Web. Text. UX. App.

UX Writing Case Study (EN):
Project Management and Payment App

The Context

Handshake is a – fictional – project management and payment app for freelancers and their clients to manage projects, track hours and make/receive payments.

I was responsible for editing the in-app text in Figma and communicating possible design and functionality improvements within the user interface to the others on the team. My edits based on brand voice materials I produced throughout the course; the most relevant ones are included in this case study. On top, I implemented the suggested functionality changes in the mockups.

This case study illustrates my final project for the UX writing certification I earned through the UX Content Collective.


App design 

My role 

UX Writer, Content Designer 


Review and rewrite the UI content for two types of users – freelancers and their clients – for an app built for iOS and Android operating systems 


Eight weeks 


Figma, MS Word, pen and paper 

Bild: Übersicht der App, Design, Tech, Informationsarchitektur, Brand Voice, UX Writing

The Objective

My goals for the UX case study

My main goal was to show the process involved in shaping the language within the app to best meet the needs. The UX writer’s role is all about how to name things within a design system in a logical and strategic way. Though I’ve included several edited Figma mockups at the end of this page, a large part of my case study focuses on how I created style guidelines that – together with other product’s assets – can ideally serve as a single source of truth across the product team (and beyond). To achieve this, I aimed to:

  1. Critically survey the screens and assess how they might be easier for users to understand (from both a language and usability perspective)
  2. Communicate my thinking and design process
  3. Show (not tell) my ability to implement the above

Getting Started

The product design team I was collaborating with was working on revamping the prototype of the app, and rewriting the copy was part of this process. Here are the Figma mockups they shared with me (click the image to make it bigger):


User flow overview

It’s important to figure out how the people we are designing for will make the best use of the mobile app. User flows provide a bird’s-eye view of the product – they help us walk in the shoes of our users and identify pain points and challenges. The designer’s draft was formatted in three basic sections – setup, onboarding, and ongoing use, with altogether five user flows:

  1. Login and first-time setup
  2. Onboarding (client)
  3. Onboarding (freelancer)
  4. Ongoing use and message centre (client)
  5. Ongoing use and message centre (freelancer)

Evaluating the given prototype

The evaluation of screens and interactions unveiled that the prototype lacked refinement both in terms of language and design. To fix language pain points, I did competitive research, analyzed the two user personas (section A below) and used brand materials I created throughout the course, including a glossary and style guide (section C below). To fix design flaws and add helpful functionality, I made suggestions on how to fix them, added screens and wrote on-screen notes to the product design team to share my reasoning.

A: Exploration

Understanding the app and the people who use it


With this mobile app, people can:

  • Create and manage projects
  • Suggest budgets
  • Accept budgets
  • Send messages
  • Track hours
  • Send bills
  • Send payments

User personas

Everyone, say hi to Kelly and Tom. They are the user personas that will be helping with the rest of our journey. The UX research team provided persona worksheets (click the images to read all the details).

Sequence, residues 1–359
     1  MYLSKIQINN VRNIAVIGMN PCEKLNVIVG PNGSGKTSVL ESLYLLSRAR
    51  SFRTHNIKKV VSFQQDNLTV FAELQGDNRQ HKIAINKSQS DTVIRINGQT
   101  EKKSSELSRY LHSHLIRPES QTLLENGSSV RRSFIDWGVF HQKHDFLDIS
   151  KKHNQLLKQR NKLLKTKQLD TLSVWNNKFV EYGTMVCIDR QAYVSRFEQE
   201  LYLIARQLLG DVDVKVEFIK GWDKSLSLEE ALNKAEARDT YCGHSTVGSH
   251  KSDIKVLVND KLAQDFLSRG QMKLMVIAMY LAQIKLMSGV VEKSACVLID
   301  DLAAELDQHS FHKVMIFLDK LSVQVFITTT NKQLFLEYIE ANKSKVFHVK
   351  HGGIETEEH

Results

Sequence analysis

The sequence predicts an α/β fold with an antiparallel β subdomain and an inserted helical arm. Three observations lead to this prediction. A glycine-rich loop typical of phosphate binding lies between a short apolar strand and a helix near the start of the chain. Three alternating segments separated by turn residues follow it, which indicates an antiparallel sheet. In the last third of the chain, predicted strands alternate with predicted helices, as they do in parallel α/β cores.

Primary persona: freelancer

Kelly is 24, a digital native web developer and new to the field of freelancing.

Goals: She’s learning how to run a business and would like to earn enough money to live well, pay off student loans and put money aside. She’s looking to use a modern platform to track the hours she works and bill clients.

Frustrations: Legal paperwork and tax forms scare her. Though she gets excellent feedback for her work, she worries her clients might not like what she creates yet also about not charging enough.

Secondary persona: client

Tom is a 52-year-old business owner, with years of experience under his belt. Tom has hired Kelly to redesign his website.

Goals: He needs an updated website so clients can find his business online and would like to engage with a platform that has robust options for keeping track of work progress without being technically overwhelming.

Frustrations: He’s a pro with everyday business procedures, but doesn’t enjoy bureaucratic tasks, let alone anything too technical.

B: Crafting Voice & Tone

“How do we sound?”

To connect with an audience, we need to first understand who they are. What do they like? What’s important to them? What kind of conversations are they having? What type of words are they using? What are they good at? What do they enjoy?

To develop a meaningful style, the first step was to accurately pick out the significant information from the data sheets provided by the UX research team and use this to tap into how our users Kelly and Tom might feel using the app. The emotional context helps make informed writing choices further along. Based on the given persona worksheets, here’s a range of emotions they may experience.

Kelly – the freelancer – may feel:

  • Excited about getting hired
  • Anxious to get a reply to the bid
  • Happy to be paid, to have the project appropriately tracked with software
  • Impatient because every moment spent on admin is time away from the creative work she enjoys
  • Empowered because the app makes tracking, invoicing and billing straight-forward

Tom – the client – may feel:

  • Uncertain this app will really solve business problems
  • Appreciative of it being easy to track status and communicate with freelancer
  • Appreciative of it being easy to pay when the job is done or at agreed-upon instalments
  • Intimidated by new technology